18. The plaintiff who has obtained trademark registration for milk and milk products cannot have any cause of action to sue another registered trademark holder for different product under different classifications. More particularly, the trademark of the defendants has to be read as a whole and not in part. The trademark of the plaintiff 'Arokya' being a generic word can at no point of time gain secondary meaning to denote and connote the products of the defendants. The plaintiff cannot claim monopoly over a generic name. The word Arokya is well known to public not because of the plaintiff product but even before that. Likewise, the principle of NICE classification does not apply to the present facts of the case since the product of the plaintiff is not similar or identical to that of the defendnats. The defendants on its own is a reputed company having vast network of distribution through out the country. There is no iota of reason to infer that the public will be mislead by seeing the biscuit packet of the defendants carrying the trademark ' Patanjali Aarogya' as that of the plaintiff’s product.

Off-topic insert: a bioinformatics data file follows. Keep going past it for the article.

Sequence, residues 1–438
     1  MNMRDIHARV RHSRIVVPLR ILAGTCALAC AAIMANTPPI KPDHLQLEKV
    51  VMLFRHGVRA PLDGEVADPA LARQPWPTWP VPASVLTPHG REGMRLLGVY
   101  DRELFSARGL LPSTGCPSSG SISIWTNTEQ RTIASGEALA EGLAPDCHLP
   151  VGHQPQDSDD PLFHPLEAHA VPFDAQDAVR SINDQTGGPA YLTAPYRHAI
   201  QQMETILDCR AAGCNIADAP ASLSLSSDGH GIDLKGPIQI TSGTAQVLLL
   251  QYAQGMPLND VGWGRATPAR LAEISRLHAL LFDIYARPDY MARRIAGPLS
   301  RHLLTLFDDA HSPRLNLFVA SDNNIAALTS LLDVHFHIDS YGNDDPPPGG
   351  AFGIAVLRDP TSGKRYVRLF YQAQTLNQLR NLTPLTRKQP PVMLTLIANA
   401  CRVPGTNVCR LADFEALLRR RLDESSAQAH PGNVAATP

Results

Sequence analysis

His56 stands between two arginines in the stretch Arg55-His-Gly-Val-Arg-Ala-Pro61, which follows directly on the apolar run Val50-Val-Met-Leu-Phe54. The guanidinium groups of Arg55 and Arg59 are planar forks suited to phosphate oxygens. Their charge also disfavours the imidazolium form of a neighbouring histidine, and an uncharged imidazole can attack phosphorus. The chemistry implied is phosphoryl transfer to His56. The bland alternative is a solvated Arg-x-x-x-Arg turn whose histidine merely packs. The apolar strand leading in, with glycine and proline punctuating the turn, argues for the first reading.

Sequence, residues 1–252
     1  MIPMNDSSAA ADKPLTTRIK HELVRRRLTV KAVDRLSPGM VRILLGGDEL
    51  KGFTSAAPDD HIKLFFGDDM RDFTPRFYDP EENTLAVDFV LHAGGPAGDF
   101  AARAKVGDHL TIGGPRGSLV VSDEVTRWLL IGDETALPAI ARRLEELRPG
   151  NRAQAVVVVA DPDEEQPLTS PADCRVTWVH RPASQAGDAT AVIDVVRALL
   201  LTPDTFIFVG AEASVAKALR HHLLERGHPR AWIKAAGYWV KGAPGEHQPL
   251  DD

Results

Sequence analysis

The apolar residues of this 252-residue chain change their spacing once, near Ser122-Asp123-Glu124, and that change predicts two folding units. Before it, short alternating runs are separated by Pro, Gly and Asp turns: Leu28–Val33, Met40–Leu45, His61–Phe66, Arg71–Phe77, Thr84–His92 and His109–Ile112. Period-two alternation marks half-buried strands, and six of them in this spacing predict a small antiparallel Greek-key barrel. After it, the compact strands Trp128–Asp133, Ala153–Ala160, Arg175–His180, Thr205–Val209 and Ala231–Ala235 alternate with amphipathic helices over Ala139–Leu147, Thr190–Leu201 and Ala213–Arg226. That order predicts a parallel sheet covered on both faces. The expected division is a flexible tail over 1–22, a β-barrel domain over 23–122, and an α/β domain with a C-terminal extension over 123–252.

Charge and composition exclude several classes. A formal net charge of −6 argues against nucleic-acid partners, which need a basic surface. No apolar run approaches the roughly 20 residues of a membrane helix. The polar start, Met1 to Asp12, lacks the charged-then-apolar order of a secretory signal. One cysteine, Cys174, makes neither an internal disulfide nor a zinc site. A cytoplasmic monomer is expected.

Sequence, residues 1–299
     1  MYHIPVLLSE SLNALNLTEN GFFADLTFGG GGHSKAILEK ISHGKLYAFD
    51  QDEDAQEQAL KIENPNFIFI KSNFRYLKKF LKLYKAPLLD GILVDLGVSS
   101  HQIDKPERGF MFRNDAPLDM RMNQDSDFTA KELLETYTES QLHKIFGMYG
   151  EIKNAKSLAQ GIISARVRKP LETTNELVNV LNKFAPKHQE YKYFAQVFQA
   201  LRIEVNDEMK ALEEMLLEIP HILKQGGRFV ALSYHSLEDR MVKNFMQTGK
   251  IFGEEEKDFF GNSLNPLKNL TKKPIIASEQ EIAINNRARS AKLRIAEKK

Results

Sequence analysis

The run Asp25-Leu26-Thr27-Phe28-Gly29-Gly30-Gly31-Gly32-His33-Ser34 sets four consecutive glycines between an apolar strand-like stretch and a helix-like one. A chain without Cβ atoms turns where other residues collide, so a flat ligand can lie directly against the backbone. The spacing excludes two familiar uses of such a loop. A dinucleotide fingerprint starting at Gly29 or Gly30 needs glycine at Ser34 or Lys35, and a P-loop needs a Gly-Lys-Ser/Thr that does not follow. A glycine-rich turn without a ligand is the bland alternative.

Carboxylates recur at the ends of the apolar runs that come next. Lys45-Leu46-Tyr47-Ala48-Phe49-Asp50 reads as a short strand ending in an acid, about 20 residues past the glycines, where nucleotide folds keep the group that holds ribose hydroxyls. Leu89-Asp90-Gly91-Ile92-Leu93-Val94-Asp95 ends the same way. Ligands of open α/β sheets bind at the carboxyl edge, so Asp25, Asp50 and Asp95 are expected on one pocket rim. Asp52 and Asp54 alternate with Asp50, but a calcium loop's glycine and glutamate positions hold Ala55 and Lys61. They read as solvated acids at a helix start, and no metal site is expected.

19. Section 28 (1) of the Trade Marks Act, give to the registered proprietor of a trademark, the exclusive right to the use of the trade mark in relation to the goods or services in respect of which the trademark is registered. He can also prevent others from using the trademark for other product if he satisfies the condition under sub sections (2) and (4) of section 29. This right is only against person who, not being a registered proprietor or a person using by way of permitted use, in the course of trade. This section cannot be relied to sue for infringement against a holder of identical or similar registered trademark, who is well protected under section 28(3) of the Trade Marks Act or even in case of honest concurrent user permitted by the Registrar.
20. The above view of this Court is fortified by the judgments of the Hon’ble Supreme court rendered in M/s.Nandini Delux –vs- Karnataka Co-operative Milk Producers Federation Ltd ( CDJ 2018 SC 775). Similar to the facts of the case in hand, in the case above cited, the Appellant/Defendant had registered trademark 'NANDINI' under class 30 for hotel business and the Respondent/Plaintiff had registered trade mark 'Nandini' under classes 29 and 30 for milk and milk products. The suit filed by the respondent was dismissed by the Hon'ble Supreme Court after a long travel from the Deputy Registrar, IPAB and High Court. For better appreciation , the facts as vividly narrated by the Hon'ble Supreme Court is extracted below:-